Everyday Surveillance: Personal data and social classifications
Surveillance is no longer merely a matter of deliberate, individual scrutiny and consequent fears for personal privacy. It is an everyday experience, run by myriad agencies for multiple purposes and exempting no one. Surveillance is also an ambiguous process, the two faces of which must yet be seen in relation to each other. Numerous data - now including biometric, genetic and video data - are abstracted from embodied persons and manipulated to create profiles and risk categories in a networked, rhizomic system. The resulting classifications are intended to influence and to manage populations and persons. The choices and the chances of data-subjects are thus both directly and indirectly affected, but socio-technical surveillance systems are also affected by people complying with, negotiating or resisting surveillance.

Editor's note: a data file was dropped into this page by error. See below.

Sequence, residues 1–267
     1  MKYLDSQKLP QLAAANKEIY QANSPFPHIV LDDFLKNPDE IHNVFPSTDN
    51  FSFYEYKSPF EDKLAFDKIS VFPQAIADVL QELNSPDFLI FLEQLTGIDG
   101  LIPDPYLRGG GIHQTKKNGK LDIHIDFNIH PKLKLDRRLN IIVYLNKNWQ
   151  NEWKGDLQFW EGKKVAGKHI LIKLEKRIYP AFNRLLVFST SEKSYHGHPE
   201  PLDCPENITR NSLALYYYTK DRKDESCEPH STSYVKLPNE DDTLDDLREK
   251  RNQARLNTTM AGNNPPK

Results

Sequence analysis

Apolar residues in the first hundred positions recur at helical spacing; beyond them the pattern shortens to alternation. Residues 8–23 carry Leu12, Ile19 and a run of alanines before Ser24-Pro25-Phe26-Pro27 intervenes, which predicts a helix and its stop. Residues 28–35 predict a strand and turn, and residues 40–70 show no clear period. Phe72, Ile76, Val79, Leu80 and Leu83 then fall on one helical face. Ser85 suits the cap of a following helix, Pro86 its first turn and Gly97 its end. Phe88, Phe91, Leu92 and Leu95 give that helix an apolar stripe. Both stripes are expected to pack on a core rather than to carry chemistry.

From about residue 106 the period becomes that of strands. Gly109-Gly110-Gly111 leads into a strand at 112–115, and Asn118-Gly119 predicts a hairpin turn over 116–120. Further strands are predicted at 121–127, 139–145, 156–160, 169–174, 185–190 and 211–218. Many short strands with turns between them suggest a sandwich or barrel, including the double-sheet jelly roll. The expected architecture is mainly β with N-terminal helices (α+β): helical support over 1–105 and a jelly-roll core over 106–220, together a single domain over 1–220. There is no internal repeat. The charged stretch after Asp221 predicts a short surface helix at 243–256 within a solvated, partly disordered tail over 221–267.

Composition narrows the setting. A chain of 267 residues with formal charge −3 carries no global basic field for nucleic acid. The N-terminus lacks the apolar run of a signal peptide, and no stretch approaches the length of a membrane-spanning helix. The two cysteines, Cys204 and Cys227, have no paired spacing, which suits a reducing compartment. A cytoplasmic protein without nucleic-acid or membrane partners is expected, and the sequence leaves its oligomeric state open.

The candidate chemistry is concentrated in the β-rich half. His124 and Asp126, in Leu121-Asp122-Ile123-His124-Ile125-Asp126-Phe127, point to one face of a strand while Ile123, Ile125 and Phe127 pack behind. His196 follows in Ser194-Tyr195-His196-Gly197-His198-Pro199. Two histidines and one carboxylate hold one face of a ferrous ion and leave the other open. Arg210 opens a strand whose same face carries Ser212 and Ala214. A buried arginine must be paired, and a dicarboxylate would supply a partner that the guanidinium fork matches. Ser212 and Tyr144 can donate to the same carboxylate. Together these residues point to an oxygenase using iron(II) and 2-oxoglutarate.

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Document Type: Research Article
Publication date: April 1, 2002